Ashkenazi Jews are extremely inbred

One of the main reasons why Jeshuaists, of which there are also several of Ashkenazi or Germanic origin (from West and Central Europe plus some from Scandinavia), are allowed to marry someone of non-Ashkenazi Jewish descent or even non-Jewish descent is simply to ensure that there is no ‘inbreeding‘ and the family can be kept healthy.

Jeshuaists namely believe the Elohim has made us His people, but we have to protect ourselves that people also, by taking care that no genetic disease can come into existence by ourselves mixing with our own blood.

We do believe that from a genetic point of view, it’s good if a person reproduces with someone from a different group, and as such can create a stronger being than by weakening the group staying in the same family. Our kehillot or Jewish communities do not have enough people to make a healthy connection with others. Our ties (and genes) are too much connected, and therefore we should allow our kids to have relationships with non-Jews or non-Jeshuaists.

Chemiotics II

Neurologists are inherently interested in  psychosis, not least because too much dopamine in the form of L-DOPA can trigger it.  I’ve always found it remarkable that dopamine blocking agents (phenothiazines, and most antipsychotics) can attack psychotic thought itself.  This is much more impressive to me than the ability of other drugs (alcohol, coffee, marijuana, cocaine) to affect mood.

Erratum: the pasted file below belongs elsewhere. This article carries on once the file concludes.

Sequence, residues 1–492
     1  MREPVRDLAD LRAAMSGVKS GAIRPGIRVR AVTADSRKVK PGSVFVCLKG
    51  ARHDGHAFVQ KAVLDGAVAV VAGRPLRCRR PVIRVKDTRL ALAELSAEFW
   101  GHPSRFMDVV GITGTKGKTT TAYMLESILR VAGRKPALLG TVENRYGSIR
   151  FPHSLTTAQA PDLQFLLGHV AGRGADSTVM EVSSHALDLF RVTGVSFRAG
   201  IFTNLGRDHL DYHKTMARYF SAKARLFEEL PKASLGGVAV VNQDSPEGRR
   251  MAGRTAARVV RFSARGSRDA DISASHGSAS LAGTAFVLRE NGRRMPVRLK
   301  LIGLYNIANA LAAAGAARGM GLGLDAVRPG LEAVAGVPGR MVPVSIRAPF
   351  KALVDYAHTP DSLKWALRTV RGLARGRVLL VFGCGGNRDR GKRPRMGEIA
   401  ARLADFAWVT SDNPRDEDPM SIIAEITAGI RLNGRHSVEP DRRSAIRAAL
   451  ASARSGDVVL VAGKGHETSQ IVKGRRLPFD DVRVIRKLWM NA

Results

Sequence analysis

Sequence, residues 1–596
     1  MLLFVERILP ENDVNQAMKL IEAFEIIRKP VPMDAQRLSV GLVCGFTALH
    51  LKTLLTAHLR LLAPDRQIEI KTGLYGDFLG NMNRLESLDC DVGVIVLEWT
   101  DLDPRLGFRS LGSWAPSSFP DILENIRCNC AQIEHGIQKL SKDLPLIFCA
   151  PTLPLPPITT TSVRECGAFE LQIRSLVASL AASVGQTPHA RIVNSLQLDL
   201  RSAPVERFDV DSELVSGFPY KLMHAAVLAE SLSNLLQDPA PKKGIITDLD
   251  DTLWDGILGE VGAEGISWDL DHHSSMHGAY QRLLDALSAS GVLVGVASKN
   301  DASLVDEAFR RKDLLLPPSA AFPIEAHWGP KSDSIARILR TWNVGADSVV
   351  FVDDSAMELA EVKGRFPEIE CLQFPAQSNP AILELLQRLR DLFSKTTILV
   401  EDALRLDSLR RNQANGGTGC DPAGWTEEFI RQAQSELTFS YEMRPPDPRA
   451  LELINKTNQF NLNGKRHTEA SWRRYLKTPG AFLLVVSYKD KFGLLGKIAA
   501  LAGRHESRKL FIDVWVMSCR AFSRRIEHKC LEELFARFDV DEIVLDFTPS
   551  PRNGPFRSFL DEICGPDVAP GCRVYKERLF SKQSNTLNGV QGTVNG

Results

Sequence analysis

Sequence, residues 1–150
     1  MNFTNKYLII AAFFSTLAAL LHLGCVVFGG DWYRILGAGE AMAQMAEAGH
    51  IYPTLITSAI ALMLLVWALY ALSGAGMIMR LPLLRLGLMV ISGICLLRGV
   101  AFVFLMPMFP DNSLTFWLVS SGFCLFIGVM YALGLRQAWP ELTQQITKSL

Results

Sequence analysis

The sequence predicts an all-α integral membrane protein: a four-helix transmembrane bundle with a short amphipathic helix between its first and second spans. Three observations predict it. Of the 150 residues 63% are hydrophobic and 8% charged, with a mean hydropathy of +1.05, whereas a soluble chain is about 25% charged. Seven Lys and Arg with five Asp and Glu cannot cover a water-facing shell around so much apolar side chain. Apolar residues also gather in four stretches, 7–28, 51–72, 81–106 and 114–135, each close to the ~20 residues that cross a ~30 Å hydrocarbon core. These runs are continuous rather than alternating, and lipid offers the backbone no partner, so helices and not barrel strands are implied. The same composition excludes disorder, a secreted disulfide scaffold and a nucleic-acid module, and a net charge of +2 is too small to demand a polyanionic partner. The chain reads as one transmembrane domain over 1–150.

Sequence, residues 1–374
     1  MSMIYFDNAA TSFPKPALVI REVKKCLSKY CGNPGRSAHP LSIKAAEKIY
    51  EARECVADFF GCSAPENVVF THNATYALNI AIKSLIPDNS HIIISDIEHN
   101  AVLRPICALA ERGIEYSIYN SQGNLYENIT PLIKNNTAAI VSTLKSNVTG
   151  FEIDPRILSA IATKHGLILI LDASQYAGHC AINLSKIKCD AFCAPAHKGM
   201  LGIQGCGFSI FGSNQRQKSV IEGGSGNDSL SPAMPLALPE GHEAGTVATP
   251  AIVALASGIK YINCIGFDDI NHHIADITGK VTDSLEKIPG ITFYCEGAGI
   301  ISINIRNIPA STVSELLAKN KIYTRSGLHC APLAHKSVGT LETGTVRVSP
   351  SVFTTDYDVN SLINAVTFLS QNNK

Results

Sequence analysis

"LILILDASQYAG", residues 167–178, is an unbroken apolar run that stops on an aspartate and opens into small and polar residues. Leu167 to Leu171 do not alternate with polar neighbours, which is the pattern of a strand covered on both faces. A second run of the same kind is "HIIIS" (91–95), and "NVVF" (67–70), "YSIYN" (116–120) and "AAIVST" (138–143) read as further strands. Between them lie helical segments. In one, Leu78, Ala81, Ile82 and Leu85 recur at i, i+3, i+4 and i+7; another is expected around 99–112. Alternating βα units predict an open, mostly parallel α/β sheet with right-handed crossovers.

So it’s always worthwhile to read another paper about the genetics of schizophrenia, a very hereditary disease.  All the risk factors we’ve found by GWAS (Genome Wide Association Studies) account for at most of 1/3 of genetic risk in schizophrenia.  For details please see https://luysii.wordpress.com/2014/08/24/tolstoy-rides-again-schizophrenia/.

So I was interested in another crack at finding more genetic causes of schizophrenia  [ Neuron 109, 1465–1478, May 5, 2021 ].  As often happens, the most interesting thing in the paper was something totally tangential  to my original interest in it. 

Here it is —   ”…

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Calling the Shabbat a delight

Looking at the blessed time of the Elohim which comes every seventh day, completing the week. The Shabbat representing completion. Delighting in the Shabbat has evolved over time, but it is for believers still a day of blessings and delight by bringing mercy and love, blessing and joy to others, and refreshing our souls.